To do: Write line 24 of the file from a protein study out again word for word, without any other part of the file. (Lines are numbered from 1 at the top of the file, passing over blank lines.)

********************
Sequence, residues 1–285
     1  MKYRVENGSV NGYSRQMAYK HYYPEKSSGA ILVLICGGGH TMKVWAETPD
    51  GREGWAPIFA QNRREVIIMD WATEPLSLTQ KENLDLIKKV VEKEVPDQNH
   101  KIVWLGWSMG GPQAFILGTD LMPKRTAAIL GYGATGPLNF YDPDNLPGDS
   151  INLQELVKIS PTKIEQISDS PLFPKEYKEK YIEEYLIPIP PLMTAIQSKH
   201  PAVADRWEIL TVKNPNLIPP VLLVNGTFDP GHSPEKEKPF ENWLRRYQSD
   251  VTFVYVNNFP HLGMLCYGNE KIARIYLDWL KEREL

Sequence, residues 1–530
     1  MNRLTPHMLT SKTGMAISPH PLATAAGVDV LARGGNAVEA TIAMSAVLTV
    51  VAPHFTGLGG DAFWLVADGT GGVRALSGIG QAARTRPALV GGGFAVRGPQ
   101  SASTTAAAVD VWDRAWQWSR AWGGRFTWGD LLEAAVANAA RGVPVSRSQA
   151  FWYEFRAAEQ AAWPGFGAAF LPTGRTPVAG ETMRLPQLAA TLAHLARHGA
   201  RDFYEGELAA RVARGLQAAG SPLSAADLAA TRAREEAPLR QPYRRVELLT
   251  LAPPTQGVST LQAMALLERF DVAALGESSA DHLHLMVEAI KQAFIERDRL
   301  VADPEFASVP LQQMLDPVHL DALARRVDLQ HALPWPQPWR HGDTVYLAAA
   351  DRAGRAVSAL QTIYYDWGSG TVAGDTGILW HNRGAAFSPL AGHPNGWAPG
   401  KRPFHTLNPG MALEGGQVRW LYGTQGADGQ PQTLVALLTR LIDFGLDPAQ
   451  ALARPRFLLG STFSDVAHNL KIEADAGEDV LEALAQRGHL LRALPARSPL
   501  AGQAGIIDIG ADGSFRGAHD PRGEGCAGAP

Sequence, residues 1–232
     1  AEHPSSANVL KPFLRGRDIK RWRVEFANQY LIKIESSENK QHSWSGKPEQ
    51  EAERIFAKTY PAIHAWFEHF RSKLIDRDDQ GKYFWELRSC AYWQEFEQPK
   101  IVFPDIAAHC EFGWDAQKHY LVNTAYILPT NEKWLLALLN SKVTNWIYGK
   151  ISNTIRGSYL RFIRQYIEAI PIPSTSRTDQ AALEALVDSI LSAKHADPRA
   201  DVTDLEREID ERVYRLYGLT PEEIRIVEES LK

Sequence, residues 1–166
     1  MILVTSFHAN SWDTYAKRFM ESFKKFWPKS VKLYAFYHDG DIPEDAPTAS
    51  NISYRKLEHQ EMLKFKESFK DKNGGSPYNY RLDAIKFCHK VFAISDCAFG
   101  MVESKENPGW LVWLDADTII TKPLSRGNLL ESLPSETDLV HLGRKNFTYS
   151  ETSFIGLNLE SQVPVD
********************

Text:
   151  ISNTIRGSYL RFIRQYIEAI PIPSTSRTDQ AALEALVDSI LSAKHADPRA